What could possibly be more British-sounding than 'Pomp and Circumstance' -- any of that batch, in fact? I daresay if one were to ask people at a concert (in any country at any time) to name a British composer, the first name mentioned would be that of Elgar.


From: J Vaughan

Yes, it is often said that Elgar's music is essentially Germanic (though the cited Mr Kennedy also hears French influence, notably in Elgar's orchestration), but I admit to still hearing England in a fair amount of his music, even that of Elgar's WONDERFUL gentler, more-introspective sort.

Yet I think of Vaughan Williams, and a reasonable amount of Holst, as quintessentially English as well, and much of that could not be more different from Elgar. And is not an opera such as Britten's Peter Grimes English in its way, along with at least some of his other operas as well?

So 'Englishness' in music, if it does exist (as I would like to think it does), is somewhat broad in scope, but still hopefully recognizable. Yet I would tend to agree with a previous commenter that most of Delius does not sound especially English to me.

Hoping this finds you and your readers well,



From: Christopher Eva

Nothing very 'provocative' here -- just badly written. Does the first sentence [paragraph 4] refer to Elgar or his music -- and since when has 'superb clarity' been a necessary feature of English music? The second sentence [paragraph 4] is rambling and shapeless; why do people write like this about classical music?

The funny thing is that these 'Provocative Thoughts' are identical to the way Elgar was regarded by part of the British musical establishment in the 1920s (when Elgar's major works were performed in half-empty concert halls). In 1924 there was a debate in court circles as to who would succeed Sir Walter Parratt as Master of the King's Music. Sir Fredrick Ponsonby wrote:

'His Majesty is ... inclined to appoint some eminent musician, but the question arises as to who this should be. Sir Edward Elgar has applied for the post and ... it seems difficult to resist his claims. At the same time it is generally thought that Vaughan Williams is the most representative of British Music; Elgar having always adopted German methods.'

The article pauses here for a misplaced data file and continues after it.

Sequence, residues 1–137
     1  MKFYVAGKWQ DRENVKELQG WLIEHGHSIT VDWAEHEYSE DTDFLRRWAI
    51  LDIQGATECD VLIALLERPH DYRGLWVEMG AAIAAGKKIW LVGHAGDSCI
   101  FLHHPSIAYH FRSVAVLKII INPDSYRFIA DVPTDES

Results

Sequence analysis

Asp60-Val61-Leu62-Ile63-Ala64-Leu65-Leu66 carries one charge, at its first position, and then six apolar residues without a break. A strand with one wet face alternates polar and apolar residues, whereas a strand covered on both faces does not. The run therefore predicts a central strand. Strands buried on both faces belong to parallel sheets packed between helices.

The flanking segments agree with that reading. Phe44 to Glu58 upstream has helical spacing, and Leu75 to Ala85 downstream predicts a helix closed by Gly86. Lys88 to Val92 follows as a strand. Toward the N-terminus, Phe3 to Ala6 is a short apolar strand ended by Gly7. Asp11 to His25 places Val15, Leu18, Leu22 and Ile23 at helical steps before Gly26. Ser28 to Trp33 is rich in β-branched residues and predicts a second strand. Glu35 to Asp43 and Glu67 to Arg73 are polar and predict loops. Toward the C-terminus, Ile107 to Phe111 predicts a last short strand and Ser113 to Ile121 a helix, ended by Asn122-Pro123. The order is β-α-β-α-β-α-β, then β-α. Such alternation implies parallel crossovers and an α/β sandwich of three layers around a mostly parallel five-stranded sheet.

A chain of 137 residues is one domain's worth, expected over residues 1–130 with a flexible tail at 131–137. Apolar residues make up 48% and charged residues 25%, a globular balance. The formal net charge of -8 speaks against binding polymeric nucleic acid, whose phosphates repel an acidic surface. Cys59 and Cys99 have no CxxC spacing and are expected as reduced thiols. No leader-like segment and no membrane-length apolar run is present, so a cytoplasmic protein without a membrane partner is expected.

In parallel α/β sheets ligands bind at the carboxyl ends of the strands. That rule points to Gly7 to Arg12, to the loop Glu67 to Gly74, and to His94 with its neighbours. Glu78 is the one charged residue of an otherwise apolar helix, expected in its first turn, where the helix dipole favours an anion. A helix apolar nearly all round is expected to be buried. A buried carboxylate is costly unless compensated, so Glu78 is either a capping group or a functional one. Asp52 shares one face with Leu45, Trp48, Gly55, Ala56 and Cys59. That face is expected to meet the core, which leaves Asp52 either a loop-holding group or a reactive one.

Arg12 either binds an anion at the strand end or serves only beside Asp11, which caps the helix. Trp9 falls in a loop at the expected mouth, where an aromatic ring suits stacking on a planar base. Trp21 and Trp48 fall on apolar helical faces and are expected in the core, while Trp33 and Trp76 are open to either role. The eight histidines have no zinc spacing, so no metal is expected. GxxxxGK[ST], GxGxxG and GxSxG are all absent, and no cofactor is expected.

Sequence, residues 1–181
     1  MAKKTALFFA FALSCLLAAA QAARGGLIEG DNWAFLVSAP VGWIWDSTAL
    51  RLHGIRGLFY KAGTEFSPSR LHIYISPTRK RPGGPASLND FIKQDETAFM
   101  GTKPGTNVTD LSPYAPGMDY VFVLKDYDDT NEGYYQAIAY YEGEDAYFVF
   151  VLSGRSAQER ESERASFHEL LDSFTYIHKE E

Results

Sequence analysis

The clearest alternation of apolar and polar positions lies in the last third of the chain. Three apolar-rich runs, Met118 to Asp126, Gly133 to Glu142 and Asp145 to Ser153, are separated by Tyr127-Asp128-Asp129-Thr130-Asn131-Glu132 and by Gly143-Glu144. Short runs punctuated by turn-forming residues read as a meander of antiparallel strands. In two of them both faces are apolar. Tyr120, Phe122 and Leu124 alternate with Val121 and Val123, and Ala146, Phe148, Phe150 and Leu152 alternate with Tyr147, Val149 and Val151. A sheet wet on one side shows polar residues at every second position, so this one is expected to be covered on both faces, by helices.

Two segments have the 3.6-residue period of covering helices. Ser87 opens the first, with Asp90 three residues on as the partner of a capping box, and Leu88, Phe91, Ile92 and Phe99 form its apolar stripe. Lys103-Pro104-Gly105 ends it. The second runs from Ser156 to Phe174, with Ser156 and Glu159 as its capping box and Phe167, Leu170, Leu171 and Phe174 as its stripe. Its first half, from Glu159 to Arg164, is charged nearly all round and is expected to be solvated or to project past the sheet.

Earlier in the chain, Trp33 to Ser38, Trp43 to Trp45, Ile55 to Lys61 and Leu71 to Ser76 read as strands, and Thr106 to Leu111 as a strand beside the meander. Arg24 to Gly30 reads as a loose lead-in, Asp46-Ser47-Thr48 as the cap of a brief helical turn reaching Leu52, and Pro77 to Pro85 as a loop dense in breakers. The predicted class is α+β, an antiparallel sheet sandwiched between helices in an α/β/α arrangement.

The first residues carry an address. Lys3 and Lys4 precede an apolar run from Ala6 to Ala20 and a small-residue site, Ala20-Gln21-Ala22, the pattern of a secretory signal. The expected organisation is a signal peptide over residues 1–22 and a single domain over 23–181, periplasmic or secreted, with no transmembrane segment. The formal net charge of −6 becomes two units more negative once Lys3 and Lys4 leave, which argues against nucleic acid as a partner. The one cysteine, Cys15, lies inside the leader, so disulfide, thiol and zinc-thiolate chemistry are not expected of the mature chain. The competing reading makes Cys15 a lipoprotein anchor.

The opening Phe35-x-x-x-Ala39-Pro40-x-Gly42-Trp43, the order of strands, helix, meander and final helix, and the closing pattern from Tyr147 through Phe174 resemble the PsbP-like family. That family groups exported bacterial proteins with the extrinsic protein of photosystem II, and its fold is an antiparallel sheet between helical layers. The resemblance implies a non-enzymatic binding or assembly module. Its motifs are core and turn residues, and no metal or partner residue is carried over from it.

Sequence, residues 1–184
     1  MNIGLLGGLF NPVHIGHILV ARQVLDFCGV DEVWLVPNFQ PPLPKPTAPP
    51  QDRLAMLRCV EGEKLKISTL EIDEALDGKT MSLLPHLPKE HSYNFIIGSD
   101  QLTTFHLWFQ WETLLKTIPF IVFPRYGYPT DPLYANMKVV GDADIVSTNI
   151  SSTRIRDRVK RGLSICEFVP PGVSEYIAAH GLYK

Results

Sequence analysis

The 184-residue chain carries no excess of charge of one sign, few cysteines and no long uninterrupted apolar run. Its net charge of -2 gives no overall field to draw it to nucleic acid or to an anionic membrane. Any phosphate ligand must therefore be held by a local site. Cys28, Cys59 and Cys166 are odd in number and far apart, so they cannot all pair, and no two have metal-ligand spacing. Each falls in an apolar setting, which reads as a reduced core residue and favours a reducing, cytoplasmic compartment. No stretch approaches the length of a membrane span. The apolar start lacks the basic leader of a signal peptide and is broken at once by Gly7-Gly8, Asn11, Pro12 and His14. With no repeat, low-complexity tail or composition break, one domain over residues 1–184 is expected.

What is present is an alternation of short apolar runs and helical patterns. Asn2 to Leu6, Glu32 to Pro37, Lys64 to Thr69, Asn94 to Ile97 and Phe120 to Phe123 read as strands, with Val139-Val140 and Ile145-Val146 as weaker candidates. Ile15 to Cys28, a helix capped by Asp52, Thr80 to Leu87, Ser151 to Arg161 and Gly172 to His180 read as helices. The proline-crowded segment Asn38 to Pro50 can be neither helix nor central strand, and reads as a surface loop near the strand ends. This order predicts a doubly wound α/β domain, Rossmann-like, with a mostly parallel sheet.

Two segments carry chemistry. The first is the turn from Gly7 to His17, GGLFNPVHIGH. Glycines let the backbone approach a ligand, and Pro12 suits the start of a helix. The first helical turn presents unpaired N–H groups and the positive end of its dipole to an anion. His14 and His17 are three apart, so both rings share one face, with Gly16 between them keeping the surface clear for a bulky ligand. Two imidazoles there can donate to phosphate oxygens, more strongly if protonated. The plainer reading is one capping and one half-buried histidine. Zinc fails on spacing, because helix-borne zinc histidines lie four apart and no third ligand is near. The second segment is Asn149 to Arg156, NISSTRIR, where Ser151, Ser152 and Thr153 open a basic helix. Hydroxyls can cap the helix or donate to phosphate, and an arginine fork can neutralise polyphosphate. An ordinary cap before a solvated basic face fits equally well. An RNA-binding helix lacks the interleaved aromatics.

(Elgar got the appointment, despite his 'German methods'.)

'The real national character in music', as Patric Standford so glibly puts it, is a complex business, and things have moved on a bit since the 1920s (except for Patric Standford). Anyone interested in the subject should ignore amateurs like Patric Standford and read some of the recent Elgar literature, such as The Cambridge Companion to Elgar (Cambridge University Press, 2004). One of the contributors to that volume, John Butt, comments that 'no music is essentially intrinsic to any nationality: certain traits may become associated with nationhood, as much by the composer as by the audience, but these associations are just as provisional as any other connotations music might hold.'


From: Peter T Daniels

Is an article by the American linguist Robert A Hall Jr noted in the bibliography? In a piece in Gramophone, circa 1960, he argued that Elgar is quintessentially English because his instrumental music reflected the intonation patterns of British English. (I don't believe he ever made similar claims about intonation patterns of French turning up in French music, or of Italian -- his particular specialty -- in Italian music.)


From: John of Aix

While I'd probably agree that the prevailing influence in music at the end of the nineteenth and beginning of the twentieth centuries was principally German, each national composer, Elgar, Berlioz, Sibelius etc, did their own thing with it. I think that Elgar's Cello Concerto, for instance, is quintessentially English.